Background: There is a serious human resource crisis in the health sector in developing countries, particularly in Africa. One of the challenges is the low motivation of health workers. Experience and the evidence suggest that any comprehensive strategy to maximize health worker motivation in a developing country context has to involve a mix of financial and non-financial incentives. This study assesses the role of non-financial incentives for motivation in two cases, in Benin and Kenya.
Methods: The study design entailed semi-structured qualitative interviews with doctors and nurses from public, private and NGO facilities in rural areas. The selection of health professionals was the result of a layered sampling process. In Benin 62 interviews with health professionals were carried out; in Kenya 37 were obtained. Results from individual interviews were backed up with information from focus group discussions. For further contextual information, interviews with civil servants in the Ministry of Health and at the district level were carried out. The interview material was coded and quantitative data was analysed with SPSS software.
Results and discussion: The study shows that health workers overall are strongly guided by their professional conscience and similar aspects related to professional ethos. In fact, many health workers are demotivated and frustrated precisely because they are unable to satisfy their professional conscience and impeded in pursuing their vocation due to lack of means and supplies and due to inadequate or inappropriately applied human resources management (HRM) tools. The paper also indicates that even some HRM tools that are applied may adversely affect the motivation of health workers.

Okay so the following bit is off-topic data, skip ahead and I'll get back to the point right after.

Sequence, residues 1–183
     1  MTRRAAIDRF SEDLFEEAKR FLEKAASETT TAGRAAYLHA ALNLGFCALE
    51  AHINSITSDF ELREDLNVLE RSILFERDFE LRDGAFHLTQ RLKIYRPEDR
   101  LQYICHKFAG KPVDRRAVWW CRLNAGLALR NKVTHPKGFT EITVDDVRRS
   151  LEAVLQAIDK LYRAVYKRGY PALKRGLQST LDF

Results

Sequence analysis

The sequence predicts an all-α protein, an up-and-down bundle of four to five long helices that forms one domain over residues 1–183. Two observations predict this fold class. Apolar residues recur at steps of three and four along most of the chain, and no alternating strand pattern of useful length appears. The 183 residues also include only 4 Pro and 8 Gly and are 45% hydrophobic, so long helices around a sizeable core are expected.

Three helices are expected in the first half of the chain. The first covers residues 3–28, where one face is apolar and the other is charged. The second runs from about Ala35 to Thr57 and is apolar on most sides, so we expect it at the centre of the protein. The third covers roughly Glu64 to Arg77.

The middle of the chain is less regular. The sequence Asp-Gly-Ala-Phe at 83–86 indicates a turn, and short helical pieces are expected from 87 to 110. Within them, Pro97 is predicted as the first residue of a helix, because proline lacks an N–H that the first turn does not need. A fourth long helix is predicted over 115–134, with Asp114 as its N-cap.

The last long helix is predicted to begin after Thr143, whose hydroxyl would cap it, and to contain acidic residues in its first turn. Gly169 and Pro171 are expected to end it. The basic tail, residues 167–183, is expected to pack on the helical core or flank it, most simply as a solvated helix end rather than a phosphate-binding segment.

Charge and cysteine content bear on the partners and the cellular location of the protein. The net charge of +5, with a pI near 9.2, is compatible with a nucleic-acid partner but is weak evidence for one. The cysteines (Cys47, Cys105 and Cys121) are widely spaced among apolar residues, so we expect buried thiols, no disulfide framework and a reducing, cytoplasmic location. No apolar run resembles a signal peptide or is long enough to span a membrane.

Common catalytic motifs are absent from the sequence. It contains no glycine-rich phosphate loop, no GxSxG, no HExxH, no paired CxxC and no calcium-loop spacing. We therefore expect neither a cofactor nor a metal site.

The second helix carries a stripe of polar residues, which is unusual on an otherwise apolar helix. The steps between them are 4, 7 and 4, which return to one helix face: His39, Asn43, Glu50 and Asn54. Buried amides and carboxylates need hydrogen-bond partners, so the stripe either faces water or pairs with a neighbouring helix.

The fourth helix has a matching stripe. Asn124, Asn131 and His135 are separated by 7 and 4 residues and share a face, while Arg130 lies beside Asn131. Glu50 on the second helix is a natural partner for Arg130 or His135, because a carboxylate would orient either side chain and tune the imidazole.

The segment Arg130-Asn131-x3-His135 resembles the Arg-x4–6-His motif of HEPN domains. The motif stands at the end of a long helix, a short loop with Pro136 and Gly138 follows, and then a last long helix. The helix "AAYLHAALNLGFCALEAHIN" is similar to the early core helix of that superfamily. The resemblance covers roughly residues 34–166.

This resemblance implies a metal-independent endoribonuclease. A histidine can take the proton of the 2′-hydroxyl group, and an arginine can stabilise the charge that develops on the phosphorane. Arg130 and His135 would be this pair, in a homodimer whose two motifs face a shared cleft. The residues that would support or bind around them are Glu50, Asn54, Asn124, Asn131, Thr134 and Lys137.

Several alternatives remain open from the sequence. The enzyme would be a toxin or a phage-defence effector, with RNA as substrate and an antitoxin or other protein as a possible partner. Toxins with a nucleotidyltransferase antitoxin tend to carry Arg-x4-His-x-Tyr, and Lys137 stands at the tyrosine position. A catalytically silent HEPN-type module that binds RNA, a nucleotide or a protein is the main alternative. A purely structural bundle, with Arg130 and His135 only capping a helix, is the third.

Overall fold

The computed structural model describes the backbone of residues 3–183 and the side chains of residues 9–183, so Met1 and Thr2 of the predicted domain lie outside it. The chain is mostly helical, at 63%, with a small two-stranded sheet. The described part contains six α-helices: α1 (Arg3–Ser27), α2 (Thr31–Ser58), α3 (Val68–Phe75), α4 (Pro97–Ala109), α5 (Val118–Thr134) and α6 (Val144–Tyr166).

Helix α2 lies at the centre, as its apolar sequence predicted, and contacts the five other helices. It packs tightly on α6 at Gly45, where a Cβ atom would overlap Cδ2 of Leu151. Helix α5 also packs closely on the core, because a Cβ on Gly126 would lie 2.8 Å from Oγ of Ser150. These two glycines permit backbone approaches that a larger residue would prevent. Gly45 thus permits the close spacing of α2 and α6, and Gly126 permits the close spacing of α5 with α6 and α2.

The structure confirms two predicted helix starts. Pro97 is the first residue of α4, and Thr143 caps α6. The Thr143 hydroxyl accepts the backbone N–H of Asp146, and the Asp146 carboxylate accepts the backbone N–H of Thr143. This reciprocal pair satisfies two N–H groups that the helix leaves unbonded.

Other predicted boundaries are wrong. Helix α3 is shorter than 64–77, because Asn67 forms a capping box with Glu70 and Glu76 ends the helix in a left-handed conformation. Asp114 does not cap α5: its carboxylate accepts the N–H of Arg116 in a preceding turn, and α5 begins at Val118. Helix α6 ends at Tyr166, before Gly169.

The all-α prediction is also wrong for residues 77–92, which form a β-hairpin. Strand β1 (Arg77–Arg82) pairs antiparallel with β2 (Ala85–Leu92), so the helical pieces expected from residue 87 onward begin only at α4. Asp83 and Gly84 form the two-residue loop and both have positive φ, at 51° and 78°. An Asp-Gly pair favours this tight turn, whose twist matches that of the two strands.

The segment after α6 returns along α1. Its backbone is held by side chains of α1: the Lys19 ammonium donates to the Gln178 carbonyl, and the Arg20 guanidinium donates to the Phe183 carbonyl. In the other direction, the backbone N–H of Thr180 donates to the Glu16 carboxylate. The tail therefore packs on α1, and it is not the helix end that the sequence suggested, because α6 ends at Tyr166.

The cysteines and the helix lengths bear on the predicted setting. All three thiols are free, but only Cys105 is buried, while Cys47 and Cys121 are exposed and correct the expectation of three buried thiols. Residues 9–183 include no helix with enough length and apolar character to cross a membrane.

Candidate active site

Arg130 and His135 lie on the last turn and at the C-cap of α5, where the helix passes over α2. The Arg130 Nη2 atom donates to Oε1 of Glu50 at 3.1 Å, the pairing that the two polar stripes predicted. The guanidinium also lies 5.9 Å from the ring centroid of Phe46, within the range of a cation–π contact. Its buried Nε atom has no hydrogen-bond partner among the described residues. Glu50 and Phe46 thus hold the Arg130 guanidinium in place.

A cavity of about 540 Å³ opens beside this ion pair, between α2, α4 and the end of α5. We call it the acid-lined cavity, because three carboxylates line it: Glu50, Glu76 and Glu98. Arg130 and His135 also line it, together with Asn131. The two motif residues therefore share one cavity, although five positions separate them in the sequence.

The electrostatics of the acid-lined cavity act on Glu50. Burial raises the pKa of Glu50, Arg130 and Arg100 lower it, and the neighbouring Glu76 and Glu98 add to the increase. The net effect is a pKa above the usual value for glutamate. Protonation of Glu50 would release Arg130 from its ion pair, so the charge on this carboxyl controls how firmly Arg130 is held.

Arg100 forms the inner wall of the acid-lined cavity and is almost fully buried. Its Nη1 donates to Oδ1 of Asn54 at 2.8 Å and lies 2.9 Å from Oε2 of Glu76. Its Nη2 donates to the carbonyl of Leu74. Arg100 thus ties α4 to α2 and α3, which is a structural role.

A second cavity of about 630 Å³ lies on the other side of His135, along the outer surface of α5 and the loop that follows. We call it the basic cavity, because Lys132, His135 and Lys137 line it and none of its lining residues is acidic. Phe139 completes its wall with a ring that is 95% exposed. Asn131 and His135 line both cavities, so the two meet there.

Conclusion: The findings confirm the starting hypothesis that non-financial incentives and HRM tools play an important role with respect to increasing motivation of health professionals. Adequate HRM tools can uphold and strengthen the professional ethos of doctors and nurses. This entails acknowledging their professionalism and addressing professional goals such as recognition, career development and further qualification. It must be the aim of human resources management/quality management (HRM/QM) to develop the work environment so that health workers are enabled to meet their personal and the organizational goals.